DJEDDAH: Every year, tons of clothing and textiles are thrown around the Kingdom in landfills and recycling bins – or recycled by charity groups.
Saudi charities have launched initiatives to help recycle these unwanted items, which also helps promote a more sustainable environment.
In 2018, the Saudi Kiswa Recycling Service began working with charities to help safely dispose of excess clothing, while promoting a spirit of community solidarity and cooperation to protect the environment and support other organizations. charitable.
Kiswa has links with an Islamic concept of wearing new clothes for Eid Al-Fitr and Eid Al-Adha called Kiswat Al-Eid when everyone, rich or poor, dresses in new clothes.
The service also helps create new revenue opportunities for charities through partnerships with the public and private sectors to achieve Vision 2030 goals on supporting the for-profit and not-for-profit sectors.
Kiswa CEO Salem Derbah said the project has helped reduce problems and costs for people and charities when collecting a change of clothes. The project also benefits from recyclable but damaged clothing.
Kiswa has a whole team dedicated to collecting, sorting, preparing and delivering clothes to associations. It also promotes the concept of volunteering among Saudi youth, so far carrying out 40 distribution initiatives, according to Derbah.
The project collects excess clothing from people wishing to dispose of or donate their clothing and textiles through an app.
The donations are then sorted and classified. New and well-preserved items are distributed to beneficiaries, while damaged items are recycled for the benefit of the project.
Profits are donated to charities and support for initiatives related to the environment.
In Kiswa, excessive amounts of clothing and clothing are sorted and dismantled based on material, type and color, then converted back into fiber and made into a new product with minimal waste, Derbah said.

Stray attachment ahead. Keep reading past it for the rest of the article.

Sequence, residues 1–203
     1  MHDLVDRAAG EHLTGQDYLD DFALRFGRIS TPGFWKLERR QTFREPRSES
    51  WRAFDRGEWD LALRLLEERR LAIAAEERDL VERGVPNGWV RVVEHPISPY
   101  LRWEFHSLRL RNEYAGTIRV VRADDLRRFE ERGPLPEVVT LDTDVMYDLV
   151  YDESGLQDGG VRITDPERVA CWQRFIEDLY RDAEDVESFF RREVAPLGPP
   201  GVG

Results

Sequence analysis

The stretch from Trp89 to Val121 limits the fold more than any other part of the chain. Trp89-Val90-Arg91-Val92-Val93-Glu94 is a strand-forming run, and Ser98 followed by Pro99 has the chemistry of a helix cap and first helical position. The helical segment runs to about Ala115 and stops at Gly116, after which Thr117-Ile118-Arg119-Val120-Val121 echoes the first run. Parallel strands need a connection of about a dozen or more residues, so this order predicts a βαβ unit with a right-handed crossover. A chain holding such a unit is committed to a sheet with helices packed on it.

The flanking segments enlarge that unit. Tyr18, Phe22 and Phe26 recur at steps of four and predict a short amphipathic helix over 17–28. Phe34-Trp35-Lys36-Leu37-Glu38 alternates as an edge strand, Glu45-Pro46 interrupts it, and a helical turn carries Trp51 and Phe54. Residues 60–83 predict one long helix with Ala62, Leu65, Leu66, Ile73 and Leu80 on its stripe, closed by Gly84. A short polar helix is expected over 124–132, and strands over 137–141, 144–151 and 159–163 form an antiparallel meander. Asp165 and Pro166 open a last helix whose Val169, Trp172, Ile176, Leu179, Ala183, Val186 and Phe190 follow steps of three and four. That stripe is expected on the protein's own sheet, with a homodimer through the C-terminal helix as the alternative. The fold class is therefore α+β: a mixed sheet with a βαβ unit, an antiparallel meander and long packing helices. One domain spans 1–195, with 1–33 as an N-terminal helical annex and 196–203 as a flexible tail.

“We have contracted with over 27 certified social development associations from across the Kingdom, including the Tarahum Charitable Foundation, the Al-Oula Women’s Charitable Society and more,” he told Arab. News.
The Al-Oula association also contributed to this movement.
“Lately, we have been working with different designers, including local ones, to produce sustainable fashion, including collaborations with the biggest fashion designers in Saudi Arabia such as Nasiba Hafiz, Zakiya Attar, Hunaidah Serafi. The idea was to use the materials we have, to be sustainable and to come up with designs that sell where all the profits go to support the organization, ”said Al-Oula CEO Dania Al-Maeena, at Arab News.
Al-Oula has initiated projects for young women, children’s education and others for women in the fashion industry, such as facilitating opportunities to develop sewing skills.
“It was great and nice to work with designers and see how creative they can be with all the fabrics that we have, because they get the idea, and we have the ladies who are going to sew using the designs and the fabric we have, to be more sustainable, ”Al-Maeena said.
“I think this is a new thing that we need to think about and consider. It’s been great working with these Saudi initiatives to achieve our goal, especially with Kiswa who does all the recycling, upcycle (thing) and they have nice clothes. We are looking to do more with different designers, and we recently signed an agreement with Hasanat.
Hasanat, another Saudi fashion-related charity, links empowerment and creative charity work. It collects donated clothes, cleans, grades and irons all fabrics to provide an end-to-end platform for women to be independent and earn sustainable income while working from home.
The association also gives women the opportunity to collaborate, learn new skills and transform old clothes into new salable products with stylish designs that are as appealing as well-known brand products with a similar price range.
All Hasanat products are made from reused and recycled materials.
One of the creative and eco-friendly ideas that Hasanat offers is that it ensures that less fabric is wasted each year by taking all the leftover material and stitching them into warm blankets or quilts and handing them out. to families in need.